Mechanical damage. (crushing, stem punctures, cracks, etc.) This is very common on peppers; physical injury not only detracts from the visual quality of the peppers but also causes increased weight loss and decay.

Pathological Disorders

On California-grown bell peppers, the most common decay organisms are Botrytis, Alternaria, and soft rots of fungal and bacterial origin.

Botrytis or Grey mold decay. This is a common decay-causing organism on peppers; field sanitation and prevention of wounds on the fruit help reduce its incidence. Botrytis will grow well at the recommended storage temperatures. High CO2 levels (>10%) which can control Botrytis damage peppers. Hot water dips of peppers can effectively control Botrytis rot (55°C [130°F] water for 4 minutes) without causing fruit injury.

Alternaria Rot. The presence of black Alternaria rot, especially on the stem end of the pepper is a symptom of chilling injury; best control measure is to store at 7.2°C (45°F).

Bacterial Soft Rot. Soft rotting areas can be caused by several bacteria which attack damaged tissue; soft rots can also be common on washed or hydrocooled peppers where water sanitation was deficient.

[For more information, see our publication “ Fruit Ripening & Ethylene Management ”, available for purchase using our Publication order form .]

Disorders Photos

Title: Alternaria Rot

Photo Credit: Adel Kader, UC Davis 

Title: Bacterial Soft Rot

Photo Credit: Marita Cantwell, UC Davis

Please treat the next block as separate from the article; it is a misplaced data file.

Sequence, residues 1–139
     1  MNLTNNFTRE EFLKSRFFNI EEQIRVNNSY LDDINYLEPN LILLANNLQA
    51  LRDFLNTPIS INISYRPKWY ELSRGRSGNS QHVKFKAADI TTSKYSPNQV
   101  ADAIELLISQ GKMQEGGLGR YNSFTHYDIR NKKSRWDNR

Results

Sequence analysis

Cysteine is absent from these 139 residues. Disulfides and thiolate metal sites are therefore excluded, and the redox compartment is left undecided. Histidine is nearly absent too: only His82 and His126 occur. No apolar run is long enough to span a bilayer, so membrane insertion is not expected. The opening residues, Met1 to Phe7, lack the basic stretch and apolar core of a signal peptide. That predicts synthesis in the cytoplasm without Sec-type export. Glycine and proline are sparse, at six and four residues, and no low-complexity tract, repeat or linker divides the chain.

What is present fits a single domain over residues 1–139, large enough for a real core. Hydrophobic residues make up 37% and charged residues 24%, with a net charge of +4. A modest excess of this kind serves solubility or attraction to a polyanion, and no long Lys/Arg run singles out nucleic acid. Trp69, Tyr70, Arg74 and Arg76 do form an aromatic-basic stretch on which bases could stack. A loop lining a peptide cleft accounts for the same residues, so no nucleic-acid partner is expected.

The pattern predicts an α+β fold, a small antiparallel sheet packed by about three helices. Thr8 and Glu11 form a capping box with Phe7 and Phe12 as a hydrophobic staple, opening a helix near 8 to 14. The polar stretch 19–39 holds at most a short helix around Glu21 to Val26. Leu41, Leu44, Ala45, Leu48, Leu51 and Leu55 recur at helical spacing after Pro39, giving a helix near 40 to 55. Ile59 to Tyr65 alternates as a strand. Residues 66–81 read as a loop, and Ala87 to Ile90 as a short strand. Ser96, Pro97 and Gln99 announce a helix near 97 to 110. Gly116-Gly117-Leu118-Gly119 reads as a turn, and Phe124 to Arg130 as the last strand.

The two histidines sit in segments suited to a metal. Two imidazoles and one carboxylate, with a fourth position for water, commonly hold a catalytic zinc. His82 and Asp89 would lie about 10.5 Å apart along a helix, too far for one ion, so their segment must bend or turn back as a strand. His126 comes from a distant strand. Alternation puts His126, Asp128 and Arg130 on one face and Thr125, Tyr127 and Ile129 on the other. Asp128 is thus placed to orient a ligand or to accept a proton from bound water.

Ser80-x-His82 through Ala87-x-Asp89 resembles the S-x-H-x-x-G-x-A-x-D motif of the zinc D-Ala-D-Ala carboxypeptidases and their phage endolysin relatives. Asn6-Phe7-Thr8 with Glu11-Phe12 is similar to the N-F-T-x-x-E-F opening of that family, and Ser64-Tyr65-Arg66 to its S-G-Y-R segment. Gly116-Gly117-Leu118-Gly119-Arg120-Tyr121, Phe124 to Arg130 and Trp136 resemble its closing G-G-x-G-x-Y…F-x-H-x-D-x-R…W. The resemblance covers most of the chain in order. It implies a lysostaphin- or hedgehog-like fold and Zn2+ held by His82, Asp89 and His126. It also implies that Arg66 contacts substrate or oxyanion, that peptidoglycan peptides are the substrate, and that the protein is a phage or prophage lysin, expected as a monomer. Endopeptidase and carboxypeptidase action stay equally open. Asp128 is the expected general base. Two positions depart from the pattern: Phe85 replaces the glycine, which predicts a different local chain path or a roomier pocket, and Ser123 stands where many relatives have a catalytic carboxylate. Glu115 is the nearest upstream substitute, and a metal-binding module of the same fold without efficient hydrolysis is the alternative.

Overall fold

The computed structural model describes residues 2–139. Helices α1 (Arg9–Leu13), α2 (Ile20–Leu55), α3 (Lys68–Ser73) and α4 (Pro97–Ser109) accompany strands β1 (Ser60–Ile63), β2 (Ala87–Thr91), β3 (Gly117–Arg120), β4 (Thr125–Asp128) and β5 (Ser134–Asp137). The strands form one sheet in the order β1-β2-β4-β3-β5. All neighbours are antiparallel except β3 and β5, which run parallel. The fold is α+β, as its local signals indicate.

Title: Decay

Photo Credit: Marita Cantwell, UC Davis

Title: Greenhouse Pepper Defects

Photo Credit: Marita Cantwell, UC Davis

Title: Mechanical Damage and Decay

Photo Credit: Marita Cantwell, UC Davis

Title: Physical Damage

Photo Credit: Marita Cantwell, UC Davis

Title: Shriveling

Photo Credit: Marita Cantwell, UC Davis

Title: Solar Yellowing

Photo Credit: Marita Cantwell, UC Davis

Title: Sun Damage

Photo Credit: Marita Cantwell, UC Davis

Title: Sun Scald

Photo Credit: Marita Cantwell, UC Davis

Date

August 1996

Broccoli

Recommendations for Maintaining Postharvest Quality

broccoli069
Marita Cantwell and Trevor Suslow

Department of Plant Sciences, University of California, Davis

Maturity & Quality

Maturity Indices

Head diameter and compactness; all florets (beads) should be closed.

Quality Indices

Good quality broccoli should have dark or bright green closed florets. The head should be compact (firm to hand pressure), with a cleanly cut stalk of the required length. There should be no yellow florets and there should be no discoloration on the stem bracts.

Maturity & Quality Photos

Title: Color Rating

Photo Credit: Don Edwards, UC Davis 

Title: Color vs. Pigment

Photo Credit: Marita Cantwell, UC Davis 

Title: Maturity Stages

Photo Credit: Marita Cantwell, UC Davis 

Title: Stem Discoloration Scale

Photo Credit: Marita Cantwell, UC Davis 

Title: Yellowing Scale

Photo Credit: Marita Cantwell, UC Davis

Temperature & Controlled Atmosphere

Optimum Temperature